Tom Lewis - High Road Value Research

So taking all that with the added data points that you can sell in 26 countries now and looking up into your new business pipeline, would adding 100 or even 200 hospitals over the next year be unrealistic?

Rick Penn

No. You were probably in that neighborhood. I would say, we could certainly double again. We’re sort of fed up to get those early adopters in a variety of regions. Frankly, in a lot of those regions, we are actually getting called, where we’ve got doctors that are hearing about us. They’re at congresses or conferences that are in the U.S. or Europe or wherever, and then they go back to their home region or their home country and we’re getting calls there.

So I think, we’ll expand customers at above that base, double again or something like that. I think we’ll see on a significant part of that $4 million to $6 million in revenue next year coming from current customers actually, that are starting to really grow within their own hospitals.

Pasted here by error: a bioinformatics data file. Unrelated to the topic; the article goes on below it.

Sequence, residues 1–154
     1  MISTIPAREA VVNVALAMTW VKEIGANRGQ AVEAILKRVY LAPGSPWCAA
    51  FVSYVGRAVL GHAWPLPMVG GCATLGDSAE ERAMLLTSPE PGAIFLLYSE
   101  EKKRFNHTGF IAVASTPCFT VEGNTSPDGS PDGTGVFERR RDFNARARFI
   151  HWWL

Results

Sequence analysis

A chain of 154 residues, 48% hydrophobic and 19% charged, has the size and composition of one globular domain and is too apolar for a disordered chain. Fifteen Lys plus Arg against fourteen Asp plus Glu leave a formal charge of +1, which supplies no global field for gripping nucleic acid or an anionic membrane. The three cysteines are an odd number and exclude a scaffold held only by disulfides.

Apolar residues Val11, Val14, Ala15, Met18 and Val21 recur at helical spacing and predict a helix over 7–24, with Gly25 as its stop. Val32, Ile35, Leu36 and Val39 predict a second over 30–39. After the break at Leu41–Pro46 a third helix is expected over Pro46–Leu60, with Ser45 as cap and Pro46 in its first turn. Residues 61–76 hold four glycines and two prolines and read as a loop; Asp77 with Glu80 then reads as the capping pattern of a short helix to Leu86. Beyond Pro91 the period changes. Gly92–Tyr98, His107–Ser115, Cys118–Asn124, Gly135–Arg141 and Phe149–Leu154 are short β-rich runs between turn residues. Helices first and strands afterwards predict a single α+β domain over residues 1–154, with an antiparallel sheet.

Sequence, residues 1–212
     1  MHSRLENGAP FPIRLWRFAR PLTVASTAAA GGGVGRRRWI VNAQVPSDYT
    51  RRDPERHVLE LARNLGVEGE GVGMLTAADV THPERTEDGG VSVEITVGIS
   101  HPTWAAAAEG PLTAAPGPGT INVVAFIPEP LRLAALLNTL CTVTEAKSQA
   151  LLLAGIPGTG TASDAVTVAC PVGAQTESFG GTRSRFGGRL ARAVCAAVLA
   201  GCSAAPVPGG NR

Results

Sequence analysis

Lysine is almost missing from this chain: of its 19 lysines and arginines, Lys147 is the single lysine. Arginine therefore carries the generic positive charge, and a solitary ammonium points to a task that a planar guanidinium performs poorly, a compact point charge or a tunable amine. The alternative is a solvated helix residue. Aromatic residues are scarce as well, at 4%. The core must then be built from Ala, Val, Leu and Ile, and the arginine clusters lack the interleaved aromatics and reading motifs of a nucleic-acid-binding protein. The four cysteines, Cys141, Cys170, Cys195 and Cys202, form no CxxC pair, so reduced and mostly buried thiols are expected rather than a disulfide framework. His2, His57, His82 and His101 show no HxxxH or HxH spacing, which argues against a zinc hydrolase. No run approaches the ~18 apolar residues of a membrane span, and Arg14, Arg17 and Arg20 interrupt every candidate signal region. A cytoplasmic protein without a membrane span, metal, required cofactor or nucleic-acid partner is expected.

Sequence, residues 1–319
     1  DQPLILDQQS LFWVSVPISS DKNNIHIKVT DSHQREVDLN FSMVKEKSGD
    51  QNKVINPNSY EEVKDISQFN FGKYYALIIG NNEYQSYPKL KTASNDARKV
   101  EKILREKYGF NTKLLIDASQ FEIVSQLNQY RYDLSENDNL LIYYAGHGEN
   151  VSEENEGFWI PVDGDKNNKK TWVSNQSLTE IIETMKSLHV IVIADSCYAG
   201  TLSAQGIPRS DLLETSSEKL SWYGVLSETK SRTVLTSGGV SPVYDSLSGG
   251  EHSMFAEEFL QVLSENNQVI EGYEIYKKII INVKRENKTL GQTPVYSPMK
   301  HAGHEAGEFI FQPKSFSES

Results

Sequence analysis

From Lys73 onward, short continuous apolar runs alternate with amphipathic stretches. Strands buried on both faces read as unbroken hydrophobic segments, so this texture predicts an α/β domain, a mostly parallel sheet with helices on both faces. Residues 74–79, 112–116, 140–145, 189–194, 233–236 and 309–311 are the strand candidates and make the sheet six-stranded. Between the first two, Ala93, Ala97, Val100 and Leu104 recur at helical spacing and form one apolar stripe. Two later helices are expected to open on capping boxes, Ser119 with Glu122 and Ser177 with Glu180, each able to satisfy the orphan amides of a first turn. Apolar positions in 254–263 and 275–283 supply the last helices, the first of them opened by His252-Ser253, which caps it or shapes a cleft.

Tom Lewis - High Road Value Research

Last question then, how do you think about a big customer year ahead? It looks like the average sale per hospital over the last year was a pretty small number, certainly relative to potential numbers I’m hearing, but how are you thinking about your top handful of customers in terms of how much business they do in the year ahead?

Rick Penn

We are trying to move a significant category of customers into the 50 plus sensors per month range and $0.5 million would be a large customer at this stage of the game.

Operator

Your final question comes from Peter Kim - ISI Capital.

Peter Kim - ISI Capital

I just have two quick questions. First, could you give a little bit of an update on what the situation with auction rate securities with Citibank is? Has it been resolved already? Then the second question is about, what are your competitors doing in terms of dual stage actuators? Are you making that model for Seagate at this point?

John Ingleman